One of the more remarkable turnarounds in the markets over the past decade is Ford Motor Company (NYSE:F). For years, Ford stock struggled as the company rumbled out a litany of boring cars. But once former CEO Alan Mulally crystallized a comeback strategy, things started to change dramatically. F stock no longer was a useless relic, and started to garner serious interest on Wall Street.
Mulally is credited with bringing to life a four-point strategy dubbed the “One Ford Plan.” Most of them deal with financial and operational efficiencies — hardly unique concepts. One point, however, sticks out: “Accelerate development of new products our customers want and value.”
For far too long, the iconic auto manufacturer was ignoring trends within the industry, to the detriment of F stock. Mulally put them back on track, despite the enormous headwinds of the Great Recession.
Of course, the markets are all about what’s going to happen next. With Mark Fields stepping into the chief executive role, how will Ford stock respond? While the auto industry faces tough challenges, F is making inroads into key international sectors.
According to InvestorPlace contributor Laura Hoy, F stock has benefited from $138 million in pre-tax profit as Europe’s “best-selling commercial vehicle brand.” In the Asian-Pacific market, there were one million units sold. Additionally, the company invested in Zoomcar, which would tap into India’s car-sharing ecosystem.
At the same time, you can’t ignore the core U.S. market. The automaker did not provide great guidance ahead of waning domestic demand. In fact, they flat-out admitted that they will “slow its production in order to cope with a more difficult sales environment.” This is not a confidence boost for Ford stock.
Shifting Consumer Trends Dog Ford Stock
What’s particularly worrisome for F stock is that inventories for many car models are running high. Here, consumer tastes are shifting back towards SUVs. That means F, General Motors Company (NYSE:GM), and Fiat Chrysler Automobiles NV (NYSE:FCAU) have a ton of compacts, sedans and minivans on their books to unload.
Consumers who were in the market for such vehicles might rejoice, but it’s no laughing matter for Ford stock owners. There has been a rising level of days inventory since 2010, but this metric has accelerated in recent quarters. For its third quarter of fiscal year 2016, F stock reported a near-9% increase in days inventory. That will likely get worse before it gets better.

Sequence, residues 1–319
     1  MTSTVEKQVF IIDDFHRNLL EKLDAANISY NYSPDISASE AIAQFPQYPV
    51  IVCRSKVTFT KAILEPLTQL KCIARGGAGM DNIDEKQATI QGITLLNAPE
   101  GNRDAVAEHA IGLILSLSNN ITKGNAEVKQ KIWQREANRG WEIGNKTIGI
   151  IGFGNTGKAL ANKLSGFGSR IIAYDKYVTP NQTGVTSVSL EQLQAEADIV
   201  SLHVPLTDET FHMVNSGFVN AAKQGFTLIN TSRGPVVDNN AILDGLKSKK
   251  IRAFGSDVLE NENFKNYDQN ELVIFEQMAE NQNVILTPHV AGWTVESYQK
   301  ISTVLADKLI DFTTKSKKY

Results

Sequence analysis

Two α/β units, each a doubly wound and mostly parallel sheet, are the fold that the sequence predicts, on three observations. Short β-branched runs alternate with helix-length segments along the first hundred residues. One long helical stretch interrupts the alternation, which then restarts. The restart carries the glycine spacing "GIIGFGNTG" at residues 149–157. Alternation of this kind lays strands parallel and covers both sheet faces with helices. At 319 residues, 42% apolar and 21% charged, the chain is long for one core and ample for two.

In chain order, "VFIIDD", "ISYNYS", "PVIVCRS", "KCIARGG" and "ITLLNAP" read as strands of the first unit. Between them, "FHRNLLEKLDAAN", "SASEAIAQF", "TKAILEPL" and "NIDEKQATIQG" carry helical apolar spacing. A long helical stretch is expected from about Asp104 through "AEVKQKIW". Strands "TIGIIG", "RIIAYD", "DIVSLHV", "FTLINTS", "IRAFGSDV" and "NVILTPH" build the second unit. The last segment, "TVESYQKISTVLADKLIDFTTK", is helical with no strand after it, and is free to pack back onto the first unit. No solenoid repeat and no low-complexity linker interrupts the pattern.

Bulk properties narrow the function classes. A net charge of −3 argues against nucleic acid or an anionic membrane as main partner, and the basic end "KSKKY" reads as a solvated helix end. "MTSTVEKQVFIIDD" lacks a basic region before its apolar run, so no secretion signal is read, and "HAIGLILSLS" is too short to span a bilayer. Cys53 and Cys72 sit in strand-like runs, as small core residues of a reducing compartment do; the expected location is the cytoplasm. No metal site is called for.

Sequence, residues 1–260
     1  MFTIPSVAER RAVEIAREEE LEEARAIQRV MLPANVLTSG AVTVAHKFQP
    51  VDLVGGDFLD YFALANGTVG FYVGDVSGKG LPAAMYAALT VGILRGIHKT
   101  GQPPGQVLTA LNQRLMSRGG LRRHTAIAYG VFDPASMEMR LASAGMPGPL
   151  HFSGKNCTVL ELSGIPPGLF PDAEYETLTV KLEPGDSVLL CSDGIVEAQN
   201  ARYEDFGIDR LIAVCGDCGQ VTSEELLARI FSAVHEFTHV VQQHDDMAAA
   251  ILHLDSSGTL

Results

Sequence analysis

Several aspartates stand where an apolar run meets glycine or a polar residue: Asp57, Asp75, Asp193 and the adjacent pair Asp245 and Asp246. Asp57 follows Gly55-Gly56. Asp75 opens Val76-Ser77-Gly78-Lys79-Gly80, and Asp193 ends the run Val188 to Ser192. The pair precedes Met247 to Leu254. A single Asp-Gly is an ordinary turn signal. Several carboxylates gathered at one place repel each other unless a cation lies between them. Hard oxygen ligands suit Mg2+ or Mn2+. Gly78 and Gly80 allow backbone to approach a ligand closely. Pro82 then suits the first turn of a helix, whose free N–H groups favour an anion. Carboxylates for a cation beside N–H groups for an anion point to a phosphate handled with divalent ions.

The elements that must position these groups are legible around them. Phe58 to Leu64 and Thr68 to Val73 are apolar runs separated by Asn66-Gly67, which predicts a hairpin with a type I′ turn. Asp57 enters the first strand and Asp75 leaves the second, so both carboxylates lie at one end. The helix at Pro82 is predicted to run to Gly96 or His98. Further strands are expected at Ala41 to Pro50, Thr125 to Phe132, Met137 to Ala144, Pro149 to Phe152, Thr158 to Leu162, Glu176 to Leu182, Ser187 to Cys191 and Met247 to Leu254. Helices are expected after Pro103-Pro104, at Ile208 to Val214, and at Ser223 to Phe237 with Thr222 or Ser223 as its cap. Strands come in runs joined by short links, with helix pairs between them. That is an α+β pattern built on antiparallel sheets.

I’m also curious how Ford stock will respond to the army of Japanese cars with whom they will clash. Toyota Motor Corp (ADR) (NYSE:TM), Honda Motor Co Ltd (ADR) (NYSE:HMC), Nissan Motor Co Ltd (ADR) (OTCMKTS:NSANY) and others aren’t going to take this lying down.
Japanese Competition Could Eat F Stock’s Lunch
With Japanese carmakers in the mix, the SUV consumer trend actually poses a three-pronged dilemma for F stock. First is the obvious one — how to get rid of anything that’s not an SUV. The second is a tricky one — how to convince American buyers to buy American. Unless you live deep in the heart of “Trump Country,” Japanese cars dominate the roadways. Even then, I’m sure you’ll find more than a couple.
But the most problematic and ironic problem is the presidential transition. Donald Trump has not been afraid to take on our most vaunted institutions, including the U.S. Federal Reserve. Rightly or wrong, he’s called out the “artificial,” “rigged” economy. If Trump’s bite is as bad as his bark, U.S. dollar strength will be one of the hallmarks of his economic policy.
Of course, a robust dollar is a double-edged sword. It’s a boon for consumers, but it can be terrible for exporting industries. Say what you want about “Make America Great Again.” I can virtually guarantee you that foreign powers aren’t going to dig deeper in their wallets to make that slogan a reality. Instead, they’ll seek lower-priced alternatives. Hello Japan Inc., goodbye Ford stock.
Ford Stock Is Cheap, But Not a Great Value
This brings us to the ultimate point. Is F stock “cheap” at its current price? Absolutely it is. But is it a good value? Here, I have to disagree. Proponents of Ford stock can point all day long to the price-to-earnings ratio being under ten digits. But that’s not necessarily a good thing.
Profitability margins for F stock are middling compared to the rest of the auto industry. Ditto for revenue growth over the last three years. Now, you’re telling me that American buyers are abandoning the type of cars Detroit invested heavily in to compete with the Japanese. On top of that, American cars are going to be more expensive for foreign buyers.
These circumstances put Ford stock in a bitter and grueling dogfight. I’d like to believe that there’s one more big run left. However, this is undoubtedly a major risk. There are far easier ways to make money than investing in F stock.
As of this writing, Josh Enomoto did not hold a position in any of the aforementioned securities.